United 93—which uses the hijacking of one plane on September 11, 2001, to tell the story of what happened to all four aircraft seized that morning—may be the most wrenching, profound, and perfectly made movie nobody wants to see. There is no reason to think that multiplex hordes anxiously await the arrival of this bummer blockbuster. Too many have said so much insisting otherwise, to the point of forcing New York City theaters to pull an early trailer containing scenes of the World Trade Center towers with their gaping, smoke-spewing wounds. But they are unavoidable in the film: Images of the smoldering towers broadcast by CNN loom over the shoulders of military men and air-traffic controllers throughout, hovering like ghosts. United 93 wants you to do more than remember: It wants you to remember how you felt.
Universal, which has released the movie, and writer-director Paul Greengrass have said and done all the right things to placate those who accuse them of ripping at fresh wounds. They've emphasized the okay given by the families of those killed on that flight; Greengrass interviewed most of them at length, and talked to members of the 9/11 Commission and flight controllers who worked that day. They've promised to donate 10 percent of opening-week receipts to the Flight 93 National Memorial Fund. They've even cast in central roles real United pilots and flight attendants and some of the air-traffic controllers who were working that morning, bringing to this fiction a harrowing degree of verisimilitude that only ups the ante. Imagine reliving that morning over and over, take after torturous take, all for the sake of getting a bad thing just right.
Never mind that this moment has already been docudramatized for television, in A&E's overwrought Flight 93, the highest-rated show in the network's history. Those who will forever view United 93 as a case of too much way too soon cannot and will not be placated by sincere gestures. They are right to say that none of us needs to be told once more what happened that day; we're reminded of it each time George W. Bush invokes the date to explain or excuse his actions since then. But that is precisely why United 93 needs to be seen: Even as a work of fiction, it wrests from politicians' sweaty hands the cynical battle cry that date has become and shrinks September 11 down to a human-sized tragedy. Those killed in the planes and in the towers and in the Pentagon are eulogized here—mourned over, cried for, at last considered.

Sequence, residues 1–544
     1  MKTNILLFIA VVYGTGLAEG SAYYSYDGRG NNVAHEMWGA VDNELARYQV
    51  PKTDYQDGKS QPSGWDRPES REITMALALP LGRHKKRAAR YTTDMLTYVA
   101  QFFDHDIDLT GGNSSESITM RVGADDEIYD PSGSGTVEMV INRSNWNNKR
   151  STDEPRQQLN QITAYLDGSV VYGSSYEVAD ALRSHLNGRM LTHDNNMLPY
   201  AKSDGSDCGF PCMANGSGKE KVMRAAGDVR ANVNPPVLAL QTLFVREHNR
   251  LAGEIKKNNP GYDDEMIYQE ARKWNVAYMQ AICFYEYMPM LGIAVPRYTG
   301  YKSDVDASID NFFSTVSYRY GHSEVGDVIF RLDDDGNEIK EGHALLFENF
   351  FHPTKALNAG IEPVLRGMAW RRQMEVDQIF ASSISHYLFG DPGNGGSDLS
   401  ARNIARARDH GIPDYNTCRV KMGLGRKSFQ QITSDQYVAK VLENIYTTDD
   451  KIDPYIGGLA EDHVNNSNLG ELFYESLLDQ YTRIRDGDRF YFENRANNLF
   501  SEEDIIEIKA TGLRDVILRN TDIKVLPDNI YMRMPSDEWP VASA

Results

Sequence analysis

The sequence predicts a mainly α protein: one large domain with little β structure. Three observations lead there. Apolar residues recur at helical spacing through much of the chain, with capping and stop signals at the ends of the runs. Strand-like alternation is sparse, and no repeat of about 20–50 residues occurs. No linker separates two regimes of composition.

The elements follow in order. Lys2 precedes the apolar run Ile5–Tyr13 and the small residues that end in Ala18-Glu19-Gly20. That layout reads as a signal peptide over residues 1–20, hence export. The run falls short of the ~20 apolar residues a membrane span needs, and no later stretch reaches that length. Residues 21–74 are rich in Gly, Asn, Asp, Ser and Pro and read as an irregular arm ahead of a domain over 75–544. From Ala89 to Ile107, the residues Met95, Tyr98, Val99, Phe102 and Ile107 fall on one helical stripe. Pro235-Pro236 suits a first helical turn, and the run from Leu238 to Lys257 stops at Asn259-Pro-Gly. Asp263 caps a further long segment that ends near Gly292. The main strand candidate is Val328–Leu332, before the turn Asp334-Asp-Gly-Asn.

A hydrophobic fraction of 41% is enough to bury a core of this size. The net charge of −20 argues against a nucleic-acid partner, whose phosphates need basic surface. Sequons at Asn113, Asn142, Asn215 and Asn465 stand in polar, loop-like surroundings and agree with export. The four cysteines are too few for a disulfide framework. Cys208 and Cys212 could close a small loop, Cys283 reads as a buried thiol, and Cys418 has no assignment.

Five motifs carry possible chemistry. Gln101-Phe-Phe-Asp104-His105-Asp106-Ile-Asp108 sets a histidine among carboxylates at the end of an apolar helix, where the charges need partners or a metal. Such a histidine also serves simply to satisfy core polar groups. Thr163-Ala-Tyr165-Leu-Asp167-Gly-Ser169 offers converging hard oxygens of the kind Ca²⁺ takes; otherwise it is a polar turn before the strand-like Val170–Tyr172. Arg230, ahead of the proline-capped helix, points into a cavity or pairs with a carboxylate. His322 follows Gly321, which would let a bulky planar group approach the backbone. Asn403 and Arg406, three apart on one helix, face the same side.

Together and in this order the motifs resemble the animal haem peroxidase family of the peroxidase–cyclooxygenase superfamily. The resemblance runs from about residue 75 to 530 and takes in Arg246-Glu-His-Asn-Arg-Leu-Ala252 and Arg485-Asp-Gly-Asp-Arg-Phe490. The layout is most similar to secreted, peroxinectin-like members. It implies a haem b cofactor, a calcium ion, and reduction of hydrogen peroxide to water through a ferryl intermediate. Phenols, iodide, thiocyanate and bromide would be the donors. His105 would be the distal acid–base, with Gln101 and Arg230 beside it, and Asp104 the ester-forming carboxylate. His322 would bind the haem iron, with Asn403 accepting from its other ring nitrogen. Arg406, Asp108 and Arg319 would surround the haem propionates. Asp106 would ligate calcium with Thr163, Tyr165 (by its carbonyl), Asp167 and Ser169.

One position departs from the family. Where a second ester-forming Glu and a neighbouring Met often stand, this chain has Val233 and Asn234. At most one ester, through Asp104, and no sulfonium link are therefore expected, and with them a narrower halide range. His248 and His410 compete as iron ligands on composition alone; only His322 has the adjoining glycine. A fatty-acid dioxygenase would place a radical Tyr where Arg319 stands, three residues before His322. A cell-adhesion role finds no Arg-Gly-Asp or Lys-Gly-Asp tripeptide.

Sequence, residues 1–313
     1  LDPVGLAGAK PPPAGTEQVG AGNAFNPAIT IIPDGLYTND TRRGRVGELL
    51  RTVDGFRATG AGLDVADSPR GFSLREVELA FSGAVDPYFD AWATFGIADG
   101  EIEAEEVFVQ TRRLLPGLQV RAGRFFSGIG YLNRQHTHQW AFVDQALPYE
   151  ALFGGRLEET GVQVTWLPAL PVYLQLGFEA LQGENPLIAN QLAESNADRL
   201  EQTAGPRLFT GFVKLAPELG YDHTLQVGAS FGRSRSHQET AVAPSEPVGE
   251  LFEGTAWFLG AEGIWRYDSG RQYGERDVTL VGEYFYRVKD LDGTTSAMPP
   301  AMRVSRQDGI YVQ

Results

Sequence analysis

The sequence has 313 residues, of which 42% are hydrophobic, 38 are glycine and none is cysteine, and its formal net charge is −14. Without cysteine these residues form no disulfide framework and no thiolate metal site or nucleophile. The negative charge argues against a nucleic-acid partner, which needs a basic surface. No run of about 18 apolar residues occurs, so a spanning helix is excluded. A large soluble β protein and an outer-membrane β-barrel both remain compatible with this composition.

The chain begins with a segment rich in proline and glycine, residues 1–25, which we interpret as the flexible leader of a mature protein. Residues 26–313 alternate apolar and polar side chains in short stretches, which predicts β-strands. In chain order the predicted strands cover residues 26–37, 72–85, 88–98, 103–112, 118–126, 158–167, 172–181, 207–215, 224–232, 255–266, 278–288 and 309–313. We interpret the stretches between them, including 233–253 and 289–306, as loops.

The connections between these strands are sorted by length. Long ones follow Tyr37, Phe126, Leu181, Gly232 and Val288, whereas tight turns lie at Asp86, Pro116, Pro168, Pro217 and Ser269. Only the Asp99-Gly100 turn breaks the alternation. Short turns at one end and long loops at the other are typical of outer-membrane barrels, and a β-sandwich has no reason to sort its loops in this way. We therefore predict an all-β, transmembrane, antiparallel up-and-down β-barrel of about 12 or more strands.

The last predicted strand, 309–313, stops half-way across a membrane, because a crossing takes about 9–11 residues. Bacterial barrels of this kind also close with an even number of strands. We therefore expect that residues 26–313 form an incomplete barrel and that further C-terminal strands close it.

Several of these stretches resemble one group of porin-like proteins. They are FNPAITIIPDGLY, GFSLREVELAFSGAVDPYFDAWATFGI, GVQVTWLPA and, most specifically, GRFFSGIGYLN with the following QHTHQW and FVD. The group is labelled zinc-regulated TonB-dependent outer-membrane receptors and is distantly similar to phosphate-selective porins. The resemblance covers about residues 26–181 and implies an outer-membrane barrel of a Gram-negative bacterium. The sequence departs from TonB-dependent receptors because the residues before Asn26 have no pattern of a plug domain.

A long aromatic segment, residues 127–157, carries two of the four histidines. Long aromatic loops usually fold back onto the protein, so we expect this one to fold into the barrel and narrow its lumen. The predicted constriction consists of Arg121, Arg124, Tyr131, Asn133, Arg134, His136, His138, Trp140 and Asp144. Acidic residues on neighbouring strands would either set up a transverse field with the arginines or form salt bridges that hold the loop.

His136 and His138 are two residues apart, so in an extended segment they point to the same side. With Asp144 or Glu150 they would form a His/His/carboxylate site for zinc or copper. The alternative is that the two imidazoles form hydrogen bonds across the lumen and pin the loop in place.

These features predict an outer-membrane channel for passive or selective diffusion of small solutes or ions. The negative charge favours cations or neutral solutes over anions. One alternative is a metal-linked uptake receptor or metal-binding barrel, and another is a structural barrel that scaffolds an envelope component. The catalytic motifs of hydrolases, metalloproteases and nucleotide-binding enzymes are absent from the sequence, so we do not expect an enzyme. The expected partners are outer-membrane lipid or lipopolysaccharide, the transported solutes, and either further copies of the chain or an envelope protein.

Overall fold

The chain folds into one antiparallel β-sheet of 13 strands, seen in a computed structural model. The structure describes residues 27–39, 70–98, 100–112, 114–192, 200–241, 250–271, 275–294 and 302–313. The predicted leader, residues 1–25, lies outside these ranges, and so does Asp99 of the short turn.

"It's going to be a good day on the East Coast," says an air-traffic controller—words heard just after the movie begins in a dim Newark motel room, as four terrorists (played by Khalid Abdalla, Lewis Alsamari, Omar Berdouni, and Jamie Harding) prepare for their suicide mission. They pray in the early morning darkness; one shaves his chest and packs the weapons. It's as though they're off to a day at the office, as are many of the passengers on the San Francisco-bound flight that made it only as far as a Pennsylvania field. Greengrass more than once contrasts the actions of the terrorists with those of the folks on the flight; late in the movie, they're all shown praying—in different languages, for different reasons, to different gods.
The filmmaker—bound to a fever-pitch finale that would thrill if it weren't intended to chill—begins at a leisurely pace, with the hectic but mundane grind of the day-to-day. Passengers, many of them character actors whose faces are as familiar as their names are not, place cell phone calls to colleagues and family members; even a terrorist utters into his mobile a final "I love you" before going on board. Flight attendants share crushes on maintenance men; pilots talk about growing children and hectic schedules. Even their final act, their attempt to take control of the plane after the hijacking, is portrayed as something prosaic: the inevitable last gasp of the desperate and doomed. It's to Greengrass's estimable credit that he does not underscore such things as Todd Beamer's "Let's roll!" proclamation, which is barely even heard here. It's just something that was said, two words only later mythologized by those who needed to latch onto such heroism to cope with such villainy.
Greengrass, who specializes in close-quarters thrills (The Bourne Supremacy) and real-life terror (Bloody Sunday), is a visceral filmmaker; you feel his stuff in your guts. But he does not stay aboard Flight 93 for the entirety of the movie: He cuts back and forth between various air-traffic control centers and military command posts, playing fly-on-the-wall doc-maker as he captures snippets of benign chitchats that turn into frantic, helpless wails as planes begin falling from the sky. United 93 makes irrelevant the in-the-works adaptation of the 9/11 Commission Report; Greengrass is as indignant toward panicked and absent government officials as he is respectful of the passengers aboard Flight 93. That, ultimately, is what makes this the perfect movie: You will feel something during every single second of it—dread, fear, anger, hate, hope, and most of all grief, which is all anyone can ask of an endeavor such as this.